Sunday, October 29, 2017

Izamal

One of my favourite cities in the Yucatan is Izamal. We visited Izamal when we were on vacation in the Yucatan 6 years ago, but yesterday we decided to head out that way again, since it is about 35km from our home town. It was really nice to reflect on how much has happened since our first visit and how different it is to walk around now that we understand some Spanish and don't feel so foreign anymore.

One thing that is very distinctive in Izamal is that all the buildings in the centre part of town are painted a distinctive yellow, or as I am sure to be corrected, ochre. It is beautiful and one of the cleanest cities around. The streets are original stone and is just a lovely place to visit.


Horse drawn carriages for tours of the city.

A street view behind the cathedral.

Back wall of the church.


We bought Herman a nice new hat and a bracelet to start off his birthday celebrations and I bought my first pair of high heels in Mexico. I am happy to know that I wear a size 5 here (same as in SA). We had breakfast at the same restaurant we visited when we were here last "El Toro". Definitely a great restaurant experience. While we were there one of the patrons ordered guacamole and the waitress walked to the market to purchase a fresh avocado.
Herman's new hat.

In El Toro, ordering breakfast.

El Toro is one of the small buildings behind the church.


The city is rich with history and used to lots of tourists which is evident in the many English descriptions on menus to accommodate them. It was also visited by Pope John Paul II in 1993 and is a destination for many Catholics on pilgrimage. The city also provides tourist "police" who you can approach for directions and who are fluent in English. There was a market in the square and it was refreshing that the prices were not as high as they tend to be in Mérida.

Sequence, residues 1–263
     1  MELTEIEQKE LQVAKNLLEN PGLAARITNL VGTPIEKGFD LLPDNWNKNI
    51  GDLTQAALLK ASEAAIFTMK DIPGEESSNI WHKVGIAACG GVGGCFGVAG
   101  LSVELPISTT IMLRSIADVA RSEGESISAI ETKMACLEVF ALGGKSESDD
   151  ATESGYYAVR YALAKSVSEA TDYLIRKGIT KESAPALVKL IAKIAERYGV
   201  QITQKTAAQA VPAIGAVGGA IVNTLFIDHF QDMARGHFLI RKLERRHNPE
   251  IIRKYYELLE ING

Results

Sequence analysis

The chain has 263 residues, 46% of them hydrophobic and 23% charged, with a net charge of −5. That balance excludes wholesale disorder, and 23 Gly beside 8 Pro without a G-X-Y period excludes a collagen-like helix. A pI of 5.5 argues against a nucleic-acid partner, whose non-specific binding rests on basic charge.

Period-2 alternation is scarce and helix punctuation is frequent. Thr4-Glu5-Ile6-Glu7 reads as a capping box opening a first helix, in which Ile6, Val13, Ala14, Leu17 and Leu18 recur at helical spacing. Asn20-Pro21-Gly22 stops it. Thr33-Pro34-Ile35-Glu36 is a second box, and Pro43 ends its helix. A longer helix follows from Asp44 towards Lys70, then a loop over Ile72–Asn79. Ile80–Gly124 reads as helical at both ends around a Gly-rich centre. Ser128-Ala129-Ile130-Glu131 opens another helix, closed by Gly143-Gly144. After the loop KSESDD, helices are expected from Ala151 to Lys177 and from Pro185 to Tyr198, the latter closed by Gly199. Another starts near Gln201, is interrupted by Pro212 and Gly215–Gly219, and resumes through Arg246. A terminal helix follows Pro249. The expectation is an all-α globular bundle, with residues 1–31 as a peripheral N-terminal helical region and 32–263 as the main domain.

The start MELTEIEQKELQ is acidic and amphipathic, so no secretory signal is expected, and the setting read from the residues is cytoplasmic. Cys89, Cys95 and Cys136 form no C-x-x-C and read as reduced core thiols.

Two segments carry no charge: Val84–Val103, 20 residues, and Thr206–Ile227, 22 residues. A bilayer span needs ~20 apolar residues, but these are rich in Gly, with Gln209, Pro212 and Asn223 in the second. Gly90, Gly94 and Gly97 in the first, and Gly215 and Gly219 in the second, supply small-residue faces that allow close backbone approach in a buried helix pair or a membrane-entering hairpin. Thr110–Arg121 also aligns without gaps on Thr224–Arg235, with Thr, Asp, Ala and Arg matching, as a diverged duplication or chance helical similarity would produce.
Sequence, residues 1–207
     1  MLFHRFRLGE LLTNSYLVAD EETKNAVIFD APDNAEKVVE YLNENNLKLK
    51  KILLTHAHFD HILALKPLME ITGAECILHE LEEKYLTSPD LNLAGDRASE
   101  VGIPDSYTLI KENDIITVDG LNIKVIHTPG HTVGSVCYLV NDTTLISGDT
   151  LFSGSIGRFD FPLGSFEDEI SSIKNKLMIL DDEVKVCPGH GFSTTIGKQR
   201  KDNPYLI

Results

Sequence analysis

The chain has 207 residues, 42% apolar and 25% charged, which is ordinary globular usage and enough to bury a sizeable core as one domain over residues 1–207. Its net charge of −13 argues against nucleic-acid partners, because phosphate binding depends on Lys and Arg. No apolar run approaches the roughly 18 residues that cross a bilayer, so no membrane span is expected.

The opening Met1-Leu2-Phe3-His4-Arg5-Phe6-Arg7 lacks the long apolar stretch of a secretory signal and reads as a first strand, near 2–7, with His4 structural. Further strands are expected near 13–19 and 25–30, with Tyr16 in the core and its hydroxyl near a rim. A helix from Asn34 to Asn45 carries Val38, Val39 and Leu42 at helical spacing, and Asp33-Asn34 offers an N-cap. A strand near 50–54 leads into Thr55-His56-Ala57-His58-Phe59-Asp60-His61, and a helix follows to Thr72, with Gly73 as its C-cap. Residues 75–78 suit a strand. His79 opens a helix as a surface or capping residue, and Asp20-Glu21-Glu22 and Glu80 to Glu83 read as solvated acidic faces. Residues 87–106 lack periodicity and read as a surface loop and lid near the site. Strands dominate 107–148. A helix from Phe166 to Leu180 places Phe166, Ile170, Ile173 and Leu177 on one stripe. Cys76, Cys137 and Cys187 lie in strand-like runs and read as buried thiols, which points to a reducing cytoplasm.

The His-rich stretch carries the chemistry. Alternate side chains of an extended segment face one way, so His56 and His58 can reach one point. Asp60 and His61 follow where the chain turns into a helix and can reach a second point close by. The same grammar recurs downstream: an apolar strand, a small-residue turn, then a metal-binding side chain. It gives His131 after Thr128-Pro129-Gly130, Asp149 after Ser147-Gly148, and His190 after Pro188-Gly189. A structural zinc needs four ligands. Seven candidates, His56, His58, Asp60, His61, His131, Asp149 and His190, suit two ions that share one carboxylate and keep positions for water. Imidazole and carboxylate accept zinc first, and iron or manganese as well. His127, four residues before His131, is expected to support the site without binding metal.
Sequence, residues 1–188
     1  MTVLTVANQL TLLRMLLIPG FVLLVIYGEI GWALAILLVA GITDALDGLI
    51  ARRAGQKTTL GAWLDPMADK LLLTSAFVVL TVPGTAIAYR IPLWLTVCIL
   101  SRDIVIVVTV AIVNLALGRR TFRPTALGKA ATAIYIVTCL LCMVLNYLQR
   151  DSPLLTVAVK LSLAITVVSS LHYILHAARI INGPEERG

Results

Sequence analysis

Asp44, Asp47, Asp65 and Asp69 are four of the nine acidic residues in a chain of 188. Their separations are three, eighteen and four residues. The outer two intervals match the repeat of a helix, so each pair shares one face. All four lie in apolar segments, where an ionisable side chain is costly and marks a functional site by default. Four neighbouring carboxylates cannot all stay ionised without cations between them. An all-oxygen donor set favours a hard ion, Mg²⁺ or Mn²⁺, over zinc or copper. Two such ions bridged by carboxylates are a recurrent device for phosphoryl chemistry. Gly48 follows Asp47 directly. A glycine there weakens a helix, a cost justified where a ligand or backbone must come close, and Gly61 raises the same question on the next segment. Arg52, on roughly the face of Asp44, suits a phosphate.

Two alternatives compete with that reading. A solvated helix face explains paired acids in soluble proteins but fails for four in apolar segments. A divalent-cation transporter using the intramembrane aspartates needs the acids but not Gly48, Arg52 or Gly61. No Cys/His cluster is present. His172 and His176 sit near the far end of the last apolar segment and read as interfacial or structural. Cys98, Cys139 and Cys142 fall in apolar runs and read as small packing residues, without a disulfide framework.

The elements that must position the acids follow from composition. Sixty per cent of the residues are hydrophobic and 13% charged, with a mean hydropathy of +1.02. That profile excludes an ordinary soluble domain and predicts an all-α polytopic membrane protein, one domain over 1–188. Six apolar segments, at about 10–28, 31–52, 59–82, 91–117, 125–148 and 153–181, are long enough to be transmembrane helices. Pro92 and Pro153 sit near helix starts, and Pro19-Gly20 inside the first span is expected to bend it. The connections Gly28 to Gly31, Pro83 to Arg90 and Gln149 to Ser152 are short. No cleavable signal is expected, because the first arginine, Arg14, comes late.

Izamal's market is very good and we will be back for sure! With the current celebrations there was a midway in town and the cathedral was as impressive as ever.
The flag in the centre of the town square.
The church was built on top of the original Mayan temple, which was the order of the day during the Spaniard's invasion of Mexico.

The church built on the Mayan ruins is the main attraction of the town.

The church is wheelchair accessible.

On the one side where the market is, are all the taxis to other parts in the Yucatan.

The grounds of the church can accommodate large crowds.

The square in front of the church.

A statue of Pope John Paul II commemorating his visit of 1993.

The inside of the church.

The statue of the Virgin Mary was donated by the Pope and has a silver crown.

The festivities will start after 6pm and will become a bustling hive activities.


Front entrance to the church's square.

A group of school kids were visiting the church.

Herman took this picture from the top of the church grounds of the ruins in the distance. The ruins are a big part of the city's attractions. There are many ruins like this one in the small towns in the Yucatan that can be seen from the road and can be visited for free. Even a site like Chichen Itza is only partially excavated and tourists only see some of what have been excavated. The government just cannot afford the archaeological digs required to uncover every Mayan historical site.





It was a change from the village life in Seyé, but I still prefer the simplicity of my small town after witnessing both good and bad changes brought by tourism.

Right now the people in our area are celebrating Hanal Pixan, which is the Mayan celebration of the dead. Families build altars in honour of the deceased where they place the favourite food, drink and other items to remember them and celebrate their lives. Traditional food that is part of the celebration are pan de los muertos (bread of the dead) a really yummy sweet bread, and pib, which is a very labour intensive chicken pie.
Pan de los muertos.

Pib (pie on the left)